Postup # 11 (669) January 19, 2001
Death in L’viv
“in anger without bound and without regret but also without anger”
One of the best known and, indubitably, a truly talented Halychyna’s and, I hope, L’viv’s contemporary author Yuri Andrukhovych (despite the fact that sometimes he resides in Ivano-Frankivsk), while stylizing in his latest and, in my opinion, most successful novel Perverzion the atmosphere of contemporary Halychyna and the L’viv-Frankivs’k environs, turned to the city or the illusion resembling a city – Venice. I think this probably did not happen because Venice has its very own St. Yuri (George) – the cathedral San Giorgio Maggiore.
There can be no doubt that the esteemed master discerned quite well the almost imperceptible, and yet definitive, scent that reigns in this city. This scent is subtle, sweet and sometimes dizzying. Evidently, something greater than just common Central European origin (I am not afraid to use these words) united Stas Perfetsky/Yuri Andrukhovych (Perverzion), born in the formerly Austro-Hungarian and now Ukrainian Halychyna, with Gustav von Aschenbach/Thomas Mann, born in the neighboring, formerly German and now Polish Silesia/Prussia (Death in Venice), as well as with Gustav Mahler – a native of Austro-Hungarian and now Czech Moravia (Gustav Mahler, Symphonie Nr. 4 G-dur) – in their hankering for formerly Austrian, and now Italian, Venice.
For a connoisseur of scents, this smell cannot be covered up with anything, be it the pungent iodine and salt of the seas, the scent of which periodically arrives from the lagoon, or the perfume of the next Ada Zitrone, or the magnificent variety in odors of perspiration at the Venetian opera. This scent has saturated the entire fabric of the formerly young and cheerful Renaissance town, the city of adventurers, courtesans, and the bustling markets. After all, Venice used to smell differently – of oriental spices, Toscan and Greek wines, olives, and lust.
The same combination of smells was characteristic of young L’viv – the town glorified in the 17th century Latin by Sebastian Fabian Klenovich in his Roxolania (2, 68). For him, this is the L’viv that is “rich in various aromas… the root of calamus, ginger, the seeds of cardamom, and an herb which people like to call “fragrant cane,” pepper and the best medicine for liver – rhubarb, … and nutmeg, and reddish saffron” (translation – O.Shchur). Initially, it was the aromas of the Orient that dominated at L’viv markets, shops, and wineries. It is not accidental that a magnificent Korniakt Tower – the gift of a nobleman and one of the best-known wine merchants in the city – came to loom large over L’viv.
However, even Klenovich himself distinguishes amidst this abundance of scents and sounds a disturbing solo of a trumpet, which “bears witness… to the irreversibility of time that quickly elapses into the void.” This is just a subtle aroma, with a hint of sweetness in it…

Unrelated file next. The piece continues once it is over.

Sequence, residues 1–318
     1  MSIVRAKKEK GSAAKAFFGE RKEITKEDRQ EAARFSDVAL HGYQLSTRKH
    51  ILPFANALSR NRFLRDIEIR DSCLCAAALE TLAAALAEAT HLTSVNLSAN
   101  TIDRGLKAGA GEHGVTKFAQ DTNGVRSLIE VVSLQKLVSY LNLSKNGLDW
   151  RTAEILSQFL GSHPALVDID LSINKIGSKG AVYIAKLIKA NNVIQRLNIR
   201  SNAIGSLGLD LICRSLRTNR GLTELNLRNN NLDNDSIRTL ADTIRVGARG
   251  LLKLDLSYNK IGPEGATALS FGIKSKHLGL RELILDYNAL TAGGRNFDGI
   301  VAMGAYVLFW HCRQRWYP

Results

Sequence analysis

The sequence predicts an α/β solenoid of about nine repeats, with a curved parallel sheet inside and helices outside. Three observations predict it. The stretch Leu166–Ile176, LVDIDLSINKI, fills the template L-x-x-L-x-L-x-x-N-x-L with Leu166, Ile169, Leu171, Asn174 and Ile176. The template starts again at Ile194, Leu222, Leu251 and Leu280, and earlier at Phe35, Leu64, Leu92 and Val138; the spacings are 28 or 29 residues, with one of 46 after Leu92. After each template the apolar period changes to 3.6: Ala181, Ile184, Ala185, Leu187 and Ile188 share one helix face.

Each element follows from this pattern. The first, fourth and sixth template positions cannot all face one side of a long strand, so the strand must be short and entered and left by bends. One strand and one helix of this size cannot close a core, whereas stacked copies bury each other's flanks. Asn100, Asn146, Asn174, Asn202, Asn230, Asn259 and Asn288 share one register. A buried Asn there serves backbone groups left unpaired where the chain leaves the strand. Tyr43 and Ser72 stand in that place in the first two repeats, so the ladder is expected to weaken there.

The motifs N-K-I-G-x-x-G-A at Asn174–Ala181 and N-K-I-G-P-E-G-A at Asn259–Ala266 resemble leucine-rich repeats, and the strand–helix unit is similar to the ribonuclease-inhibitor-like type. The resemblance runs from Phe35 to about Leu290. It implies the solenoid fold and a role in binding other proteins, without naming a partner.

Venice is eroded from beneath by the omnipresent water and mildew that have been described and portrayed in literature thousands of times – “the memory of the sea green” (Andrukhovych, 131), the sea itself and the lagoon as its agent, which consume it slowly but irreversibly.
L’viv’s “foundations down below are washed by the Styx.” Unfortunately, in L’viv’s case, the Styx transformed into the old L’viv sewage system. However, it became not only that.
Recently, the editors of the Journal ¯ decided to visually chronicle the most important events from the life of the city on their website (www.ji-magazine.lviv.ua/¿-³íôîðì). They tried to account for those events that occurred in the year of 2000, which could be considered key both for the city and for such a year – to distill the essence of this year. What they found turned out to be quite symptomatic. So, which events became the key notes in the Symphony L’viv 2000?
After a boisterous celebration of the New Year of 2000 and the first “fake” entrance into the new millennium, the hangover lasted in the city in Andante cantabile (Mozart. Symfonie 41 RV 551 C-dur Jupiter) until May, when as a thunderbolt in Dies Irae (Mozart. Requiem KV 626 minor/D-moll, Dies Irae) the characteristically senseless death of Ihor Bilozir struck the city. It had to happen in this very city, however facetious this might sound. Unfortunately, during the period of independence and the general impoverishment – both material and spiritual, -- in the fumes of stupor and self-victimization, we lost our touch with reality and our sense of reverence for everything, and especially for ourselves (Mozart. Requiem KV 626 minor/D-moll, Rex tremendae). First and foremost, we allowed ourselves, and not anyone else, to let this happen. Absurdly and thoughtlessly, in a L’viv street, someone killed a man who most probably did not even realize the significance of his name for his culture.